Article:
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Wayne County halts construction on new jail amidst massive cost overruns

The unfinished Wayne County jail project at Gratiot near Downtown Detroit.
Wayne County
via Wayne County

Wayne County will stop building a $300 million jail complex while it tries to figure out how the project got so over-budget.

The new jail was supposed to save Wayne County money by consolidating several facilities into one new, high-tech one.

But members of County Executive Robert Ficano’s administration told the Wayne County Commission Thursday the project could end up costing as much as $391 million—and they don’t know how that happened.

Ficano had originally estimated the project would cost $220 million.

An “independent committee” is now supposed to look into whether the project can be salvaged under-budget, or whether the county should walk away.

The County has already spent $110 million on the project.

“I think today is just the shot across the bow that says, this baby is really in trouble,” says County Commissioner Tim Killeen. “There’s no way the county walks out of this and [doesn’t] lose money.”

The Commission passed off oversight of the project to the Wayne County Building Authority years ago. But officials say the Commission was supposed to approve any major cost changes.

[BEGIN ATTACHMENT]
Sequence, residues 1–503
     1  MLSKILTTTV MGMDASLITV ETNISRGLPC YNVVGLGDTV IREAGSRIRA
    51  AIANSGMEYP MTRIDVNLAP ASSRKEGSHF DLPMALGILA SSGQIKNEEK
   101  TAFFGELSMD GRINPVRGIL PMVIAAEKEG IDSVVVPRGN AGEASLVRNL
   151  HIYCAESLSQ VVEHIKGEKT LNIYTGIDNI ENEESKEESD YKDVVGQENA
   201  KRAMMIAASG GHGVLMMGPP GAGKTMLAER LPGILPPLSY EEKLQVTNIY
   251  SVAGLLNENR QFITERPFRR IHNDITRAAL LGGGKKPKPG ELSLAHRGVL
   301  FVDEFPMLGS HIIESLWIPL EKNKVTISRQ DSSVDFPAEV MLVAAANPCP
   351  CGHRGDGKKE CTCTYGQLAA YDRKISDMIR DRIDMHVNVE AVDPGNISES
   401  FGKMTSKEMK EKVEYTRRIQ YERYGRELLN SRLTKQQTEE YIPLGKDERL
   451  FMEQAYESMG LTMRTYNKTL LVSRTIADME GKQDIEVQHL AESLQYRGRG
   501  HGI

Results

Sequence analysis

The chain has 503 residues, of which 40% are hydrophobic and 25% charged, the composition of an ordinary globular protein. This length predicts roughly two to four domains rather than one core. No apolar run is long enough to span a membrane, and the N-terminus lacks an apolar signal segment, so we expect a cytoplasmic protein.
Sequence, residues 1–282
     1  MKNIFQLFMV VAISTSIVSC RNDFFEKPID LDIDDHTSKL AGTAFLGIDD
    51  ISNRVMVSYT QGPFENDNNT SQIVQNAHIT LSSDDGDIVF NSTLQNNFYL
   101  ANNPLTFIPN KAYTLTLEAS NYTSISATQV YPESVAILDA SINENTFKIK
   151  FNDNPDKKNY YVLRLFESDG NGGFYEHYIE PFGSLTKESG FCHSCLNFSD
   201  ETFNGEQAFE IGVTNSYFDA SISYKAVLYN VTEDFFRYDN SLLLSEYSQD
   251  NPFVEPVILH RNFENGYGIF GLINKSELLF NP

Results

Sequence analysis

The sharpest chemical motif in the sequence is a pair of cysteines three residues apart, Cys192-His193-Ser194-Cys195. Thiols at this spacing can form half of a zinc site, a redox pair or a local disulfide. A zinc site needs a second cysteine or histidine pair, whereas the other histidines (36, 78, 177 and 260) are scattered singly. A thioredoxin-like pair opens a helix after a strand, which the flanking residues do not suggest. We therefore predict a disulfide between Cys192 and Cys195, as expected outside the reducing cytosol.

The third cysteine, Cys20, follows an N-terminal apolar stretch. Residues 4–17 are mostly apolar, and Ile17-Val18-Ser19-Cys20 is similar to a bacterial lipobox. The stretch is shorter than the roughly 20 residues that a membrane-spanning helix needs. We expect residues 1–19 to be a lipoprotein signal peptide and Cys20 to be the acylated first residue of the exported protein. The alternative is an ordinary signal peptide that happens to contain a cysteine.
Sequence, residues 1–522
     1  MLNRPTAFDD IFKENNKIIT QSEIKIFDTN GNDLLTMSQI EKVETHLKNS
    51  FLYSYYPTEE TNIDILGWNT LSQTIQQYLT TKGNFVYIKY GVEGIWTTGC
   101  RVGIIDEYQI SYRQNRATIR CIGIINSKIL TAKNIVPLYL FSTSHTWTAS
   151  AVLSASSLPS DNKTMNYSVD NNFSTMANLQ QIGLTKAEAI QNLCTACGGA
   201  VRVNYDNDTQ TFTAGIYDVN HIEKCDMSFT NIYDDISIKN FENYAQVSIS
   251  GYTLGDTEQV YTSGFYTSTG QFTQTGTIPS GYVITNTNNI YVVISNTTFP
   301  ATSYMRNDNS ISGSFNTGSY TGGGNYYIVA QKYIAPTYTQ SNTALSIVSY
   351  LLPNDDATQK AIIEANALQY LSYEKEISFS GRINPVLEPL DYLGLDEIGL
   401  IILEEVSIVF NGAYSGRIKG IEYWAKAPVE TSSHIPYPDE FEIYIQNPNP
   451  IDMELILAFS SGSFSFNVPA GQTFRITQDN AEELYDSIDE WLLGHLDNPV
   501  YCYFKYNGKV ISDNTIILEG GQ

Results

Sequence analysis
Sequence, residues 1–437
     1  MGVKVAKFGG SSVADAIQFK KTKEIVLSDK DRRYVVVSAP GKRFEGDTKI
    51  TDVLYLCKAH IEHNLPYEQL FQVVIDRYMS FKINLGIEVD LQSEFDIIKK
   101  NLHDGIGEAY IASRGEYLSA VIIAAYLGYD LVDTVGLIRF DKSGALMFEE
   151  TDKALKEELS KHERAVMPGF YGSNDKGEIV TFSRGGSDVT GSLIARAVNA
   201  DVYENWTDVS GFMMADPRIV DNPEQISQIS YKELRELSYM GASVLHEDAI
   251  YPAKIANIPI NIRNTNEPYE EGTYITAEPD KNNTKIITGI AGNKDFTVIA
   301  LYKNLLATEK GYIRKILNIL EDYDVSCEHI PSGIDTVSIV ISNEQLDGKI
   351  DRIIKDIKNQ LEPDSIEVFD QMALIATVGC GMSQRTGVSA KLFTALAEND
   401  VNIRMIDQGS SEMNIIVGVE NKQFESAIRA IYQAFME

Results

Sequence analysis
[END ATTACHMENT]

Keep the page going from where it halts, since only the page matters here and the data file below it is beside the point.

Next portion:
Ficano administration officials now say they’ll look into a deal that would let them take over an empty state prison in Detroit.

Commissioner Laura Cox says that option was on the table years ago—and the county passed on it.

“We wanted to make sure we weren’t walking away from a viable, cheaper option,” says Cox, who opposed the new jail. “But sometimes people see a glistening, new building, and they wanted that instead.”

The state is now offering to lease the empty Mound Road facility for $1 a year.

Ficano officials also admit they’ve engaged in talks with a potential “purchaser” for the land (Quicken Loans CEO and major downtown Detroit landowner Dan Gilbert), but say there’s no deal there yet.

The new jail  is closely tied to two former Ficano aides, Turkia Mullin and Azzam Elder, who spearheaded the project. Both are now subjects of an FBI investigation, as is the project itself.

Sarah Cwiek joined Michigan Public in October 2009. As our Detroit reporter, she is helping us expand our coverage of the economy, politics, and culture in and around the city of Detroit.
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